What Happens to Cryptocurrency in Divorce

Divorce is often a challenging and emotionally charged time, requiring the division of shared assets. For some couples, this includes digital assets, such as cryptocurrency. As the world continues to embrace digital currency, couples are finding that these assets are adding another layer of complexity to an already difficult process. In this article, we will explore what happens to cryptocurrency during a divorce and the steps couples can take to navigate this unique situation.

Understanding Cryptocurrency

To begin with, cryptocurrency refers to digital or virtual currency that uses cryptography for security, making it extremely difficult to counterfeit. Some of the most commonly known cryptocurrencies include Bitcoin, Ethereum, and Litecoin. Unlike traditional money, cryptocurrency operates independently of a central bank. It is managed through blockchain technology, essentially a decentralized ledger that records all transactions across numerous computers.

In the context of divorce, cryptocurrency can be particularly challenging to deal with due to its nature. Unlike traditional assets, cryptocurrencies are decentralized and don’t need to go through a bank. This means they can be easily hidden, making the division of assets much more complex. Additionally, the volatile nature of cryptocurrency makes it challenging to assign a fixed value to these assets.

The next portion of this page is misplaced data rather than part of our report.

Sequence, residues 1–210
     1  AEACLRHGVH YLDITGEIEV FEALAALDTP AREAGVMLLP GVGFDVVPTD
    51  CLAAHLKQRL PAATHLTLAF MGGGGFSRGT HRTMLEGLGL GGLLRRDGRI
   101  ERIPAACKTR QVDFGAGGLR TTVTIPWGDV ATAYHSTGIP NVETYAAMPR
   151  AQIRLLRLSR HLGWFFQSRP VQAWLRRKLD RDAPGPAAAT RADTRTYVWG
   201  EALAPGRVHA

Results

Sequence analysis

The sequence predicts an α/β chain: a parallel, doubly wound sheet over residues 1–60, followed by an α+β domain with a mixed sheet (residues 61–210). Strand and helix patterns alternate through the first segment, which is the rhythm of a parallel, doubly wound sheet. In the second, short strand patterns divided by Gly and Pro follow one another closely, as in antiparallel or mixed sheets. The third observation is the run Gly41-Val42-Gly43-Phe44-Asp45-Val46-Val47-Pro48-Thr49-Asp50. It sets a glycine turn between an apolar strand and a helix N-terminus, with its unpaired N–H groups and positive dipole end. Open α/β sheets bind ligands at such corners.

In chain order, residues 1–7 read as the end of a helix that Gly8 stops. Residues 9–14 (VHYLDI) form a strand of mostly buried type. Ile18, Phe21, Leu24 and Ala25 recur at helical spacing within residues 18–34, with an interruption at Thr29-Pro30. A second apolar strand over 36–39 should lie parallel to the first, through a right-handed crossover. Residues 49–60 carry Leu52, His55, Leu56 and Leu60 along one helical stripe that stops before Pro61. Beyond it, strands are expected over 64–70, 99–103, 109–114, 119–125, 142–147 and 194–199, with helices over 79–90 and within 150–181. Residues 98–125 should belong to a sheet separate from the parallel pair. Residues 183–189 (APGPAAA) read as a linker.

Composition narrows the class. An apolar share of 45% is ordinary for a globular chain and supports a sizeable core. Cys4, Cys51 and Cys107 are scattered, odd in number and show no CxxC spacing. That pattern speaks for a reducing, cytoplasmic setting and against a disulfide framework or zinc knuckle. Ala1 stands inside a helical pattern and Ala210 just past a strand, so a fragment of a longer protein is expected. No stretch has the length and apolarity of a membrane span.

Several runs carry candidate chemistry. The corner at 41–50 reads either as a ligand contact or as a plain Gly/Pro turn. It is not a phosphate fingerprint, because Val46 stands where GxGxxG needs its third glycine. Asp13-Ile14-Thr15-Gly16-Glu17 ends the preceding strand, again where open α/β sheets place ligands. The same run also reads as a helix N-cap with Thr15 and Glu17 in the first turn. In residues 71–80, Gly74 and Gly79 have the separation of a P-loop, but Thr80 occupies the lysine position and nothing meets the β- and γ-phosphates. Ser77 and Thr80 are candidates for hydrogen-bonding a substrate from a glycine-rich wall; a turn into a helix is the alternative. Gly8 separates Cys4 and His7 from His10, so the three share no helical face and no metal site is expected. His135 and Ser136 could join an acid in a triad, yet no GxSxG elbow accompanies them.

Identifying Cryptocurrency Assets in Divorce

The first step in dealing with cryptocurrency during a divorce is to identify the assets. This involves recognizing the types of cryptocurrency owned and their associated values. It may require the assistance of a forensic accountant or a digital forensics expert skilled in tracing digital assets. Keep in mind that some individuals may go to great lengths to hide their cryptocurrency or other digital assets, especially during a divorce.

Here are some steps to take first:

  • Start by reviewing financial statements and looking for any cryptocurrency exchanges
  • Check for any large purchases of technology that may be used for mining cryptocurrencies
  • Look for any purchases or expenditures that are unusually large and do not have a clear explanation

Once cryptocurrency assets have been identified, they must be valued. Valuing cryptocurrency can be significantly more complex than valuing traditional assets due to its high volatility. The value of a cryptocurrency can fluctuate wildly from day to day, and even from minute to minute. It is crucial to agree on a specific date and time for valuation to ensure fairness.

After the identification and valuation processes, the division of cryptocurrency assets can commence. This process is often complex, compounded by the fact that cryptocurrency cannot be physically divided. Instead, it must be split digitally, which can be a technically challenging process. The division should be equitable, taking into account factors such as the length of the marriage, the contribution of each party to the marriage, and each party's future needs. In some cases, one party may be awarded the cryptocurrency assets, with the other party receiving more of the traditional assets.